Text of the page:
To address this limitation, a meta-regression model will be conducted to explore the potential sources of heterogeneity in the definition of the outcome of interest.
Obstructive sleep apnoea (OSA) is a chronic sleep-related disorder, in which there is obstruction of the upper airway structures during sleep, resulting in the reduction or complete blockage of airflow.1–4 The clinical guidelines and diagnostic criteria of OSA is met if a patient reaches five or more apnoea-hypopnoea events per hour.5 Patients with OSA are at a higher risk of developing several cardiovascular-related comorbidities, including congestive heart failure, arrhythmias and coronary artery disease (CAD).6 In addition, OSA-related symptoms are associated with a decreased quality of life.7 Body mass index (BMI), male gender and advancing age are all considered independent risk factors for OSA.8 The prevalence of OSA in adults ranges from 3% to 7%.9 A recent literature review conducted by Benjafield et al estimated the global prevalence of OSA of 1 billion individuals.10 In the USA, approximately 25 million adults are diagnosed with OSA and the incidence is continuing to grow.11
OSA-related comorbidities can be an unrecognisable risk factor for ‘sudden death’. ‘Sudden death’, as defined by WHO, is any ‘non-violent, unexplained death, occurring less than 24 hours from the onset of symptoms’.12 An observational cohort study found that the presence of OSA increases the risk of all-cause mortality significantly (adjusted HR 1.97; 95% CI 1.12 to 3.48).13 In fact, OSA is considered a predicting factor for ‘sudden cardiac death’ and all-cause mortality.13–15 The severity of the OSA syndrome increases the risk of this adverse outcome as well. Individuals with an apnoea-hypopnoea index (AHI) of >36 events per hour have a higher risk of death from any cause in comparison to other AHI severity scores (HR 3.30; 95% CI 1.74 to 6.26).13 There is a lack of comprehensive studies focused on systematically assessing and reviewing the association between ‘sudden death’ and OSA.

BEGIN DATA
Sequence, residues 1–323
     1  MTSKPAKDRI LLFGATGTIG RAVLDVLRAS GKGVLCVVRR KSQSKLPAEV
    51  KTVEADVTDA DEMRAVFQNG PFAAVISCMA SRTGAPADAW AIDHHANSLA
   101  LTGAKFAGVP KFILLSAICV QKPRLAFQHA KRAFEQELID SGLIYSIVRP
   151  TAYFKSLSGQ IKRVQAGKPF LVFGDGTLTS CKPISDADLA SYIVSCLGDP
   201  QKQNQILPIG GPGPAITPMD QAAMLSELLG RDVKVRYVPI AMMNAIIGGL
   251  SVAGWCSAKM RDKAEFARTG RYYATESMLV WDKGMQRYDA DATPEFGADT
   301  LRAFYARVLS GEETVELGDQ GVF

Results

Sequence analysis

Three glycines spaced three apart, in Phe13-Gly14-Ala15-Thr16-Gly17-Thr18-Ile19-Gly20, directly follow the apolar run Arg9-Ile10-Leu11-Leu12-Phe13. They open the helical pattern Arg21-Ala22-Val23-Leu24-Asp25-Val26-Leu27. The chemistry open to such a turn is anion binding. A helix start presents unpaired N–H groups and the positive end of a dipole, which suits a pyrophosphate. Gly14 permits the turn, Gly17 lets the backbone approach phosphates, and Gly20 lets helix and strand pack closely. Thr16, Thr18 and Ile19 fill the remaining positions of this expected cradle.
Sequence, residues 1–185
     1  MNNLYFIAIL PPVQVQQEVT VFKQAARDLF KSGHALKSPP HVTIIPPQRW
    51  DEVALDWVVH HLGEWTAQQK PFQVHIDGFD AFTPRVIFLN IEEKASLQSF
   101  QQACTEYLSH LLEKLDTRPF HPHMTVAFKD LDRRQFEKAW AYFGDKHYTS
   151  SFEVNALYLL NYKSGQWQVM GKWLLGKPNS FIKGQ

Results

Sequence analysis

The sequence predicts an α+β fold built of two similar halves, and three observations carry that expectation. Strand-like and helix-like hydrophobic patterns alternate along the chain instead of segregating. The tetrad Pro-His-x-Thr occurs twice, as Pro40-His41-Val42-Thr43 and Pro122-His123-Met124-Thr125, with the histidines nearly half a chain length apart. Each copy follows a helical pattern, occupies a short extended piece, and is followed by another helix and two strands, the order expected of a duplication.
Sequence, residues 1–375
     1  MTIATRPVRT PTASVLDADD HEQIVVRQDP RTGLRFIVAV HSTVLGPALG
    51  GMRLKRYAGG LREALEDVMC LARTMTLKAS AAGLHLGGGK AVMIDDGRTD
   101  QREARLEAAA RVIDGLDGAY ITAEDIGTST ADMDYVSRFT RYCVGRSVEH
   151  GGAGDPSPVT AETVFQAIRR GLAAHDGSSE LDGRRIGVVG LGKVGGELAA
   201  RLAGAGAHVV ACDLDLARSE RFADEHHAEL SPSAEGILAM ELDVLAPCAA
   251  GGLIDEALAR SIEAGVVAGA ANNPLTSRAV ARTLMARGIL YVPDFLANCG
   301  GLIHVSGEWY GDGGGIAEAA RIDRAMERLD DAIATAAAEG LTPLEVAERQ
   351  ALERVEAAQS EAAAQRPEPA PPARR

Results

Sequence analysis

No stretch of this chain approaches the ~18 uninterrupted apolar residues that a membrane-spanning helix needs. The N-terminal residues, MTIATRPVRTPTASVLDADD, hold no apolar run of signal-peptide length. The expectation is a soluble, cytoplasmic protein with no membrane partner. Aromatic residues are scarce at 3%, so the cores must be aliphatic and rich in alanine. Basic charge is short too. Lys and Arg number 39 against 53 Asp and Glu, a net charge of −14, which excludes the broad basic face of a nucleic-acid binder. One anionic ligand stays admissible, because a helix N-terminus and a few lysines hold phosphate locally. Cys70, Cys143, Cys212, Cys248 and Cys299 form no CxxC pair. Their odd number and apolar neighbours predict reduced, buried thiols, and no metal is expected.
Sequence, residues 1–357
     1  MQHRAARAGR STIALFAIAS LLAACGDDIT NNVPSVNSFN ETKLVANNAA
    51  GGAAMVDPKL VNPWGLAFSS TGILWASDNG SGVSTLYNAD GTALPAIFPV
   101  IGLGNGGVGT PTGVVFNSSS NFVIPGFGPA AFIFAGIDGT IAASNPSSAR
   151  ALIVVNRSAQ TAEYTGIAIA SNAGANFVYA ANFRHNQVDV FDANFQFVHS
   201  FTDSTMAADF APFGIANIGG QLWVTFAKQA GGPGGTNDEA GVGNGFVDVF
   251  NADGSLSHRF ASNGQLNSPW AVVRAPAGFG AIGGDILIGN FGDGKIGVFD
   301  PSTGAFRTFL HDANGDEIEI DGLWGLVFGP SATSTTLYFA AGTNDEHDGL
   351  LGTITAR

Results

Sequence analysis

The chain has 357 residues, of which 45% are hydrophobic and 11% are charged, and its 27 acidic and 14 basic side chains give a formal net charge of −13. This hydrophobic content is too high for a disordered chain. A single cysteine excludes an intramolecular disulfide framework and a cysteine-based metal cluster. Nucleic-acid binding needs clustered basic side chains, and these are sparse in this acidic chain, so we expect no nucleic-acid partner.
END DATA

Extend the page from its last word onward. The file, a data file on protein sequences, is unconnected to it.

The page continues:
Existing evidence on the association between OSA and the risk of ‘sudden death’ is limited and inconclusive. In this protocol, we propose to conduct a systematic review and meta-analysis of the association of ‘sudden death’ and cardiovascular deaths with OSA.
The objective of this study will be to assess the association of ‘sudden death’ and cardiovascular deaths with OSA.
To calculate the pooled risk ratio of mortality associated with OSA.
To explore a dose-response relationship between sleep apnoea severity and the risk of mortality.
To determine other predictors of mortality associated with OSA such as cardiovascular diseases, stroke and obesity.
What is the association of OSA with ‘sudden death’ and cardiovascular death?
The present protocol has been registered with PROSPERO (CRD42020164941).
We used the Preferred Reporting Items for Systematic Reviews and Meta-Analyses Protocols 2015 statement and guidelines inform and guide the development of this protocol.16
Patient and public involvement
Patients and the general public were not involved in the development of this protocol.
We will include published studies that:
Report rates of ‘sudden death’ in both patients with OSA and without OSA, including information on the incidence of the outcome.
Published in any language. English versions of articles written in other languages will be selected.
We will exclude published studies that:
Are not conducted in human subjects.
Did not report incidence of ‘sudden death’ in patients with OSA.
Are meta-analyses, literature reviews, commentaries, case reports or meeting abstracts.
Studies that are related to ‘sudden death’ and OSA.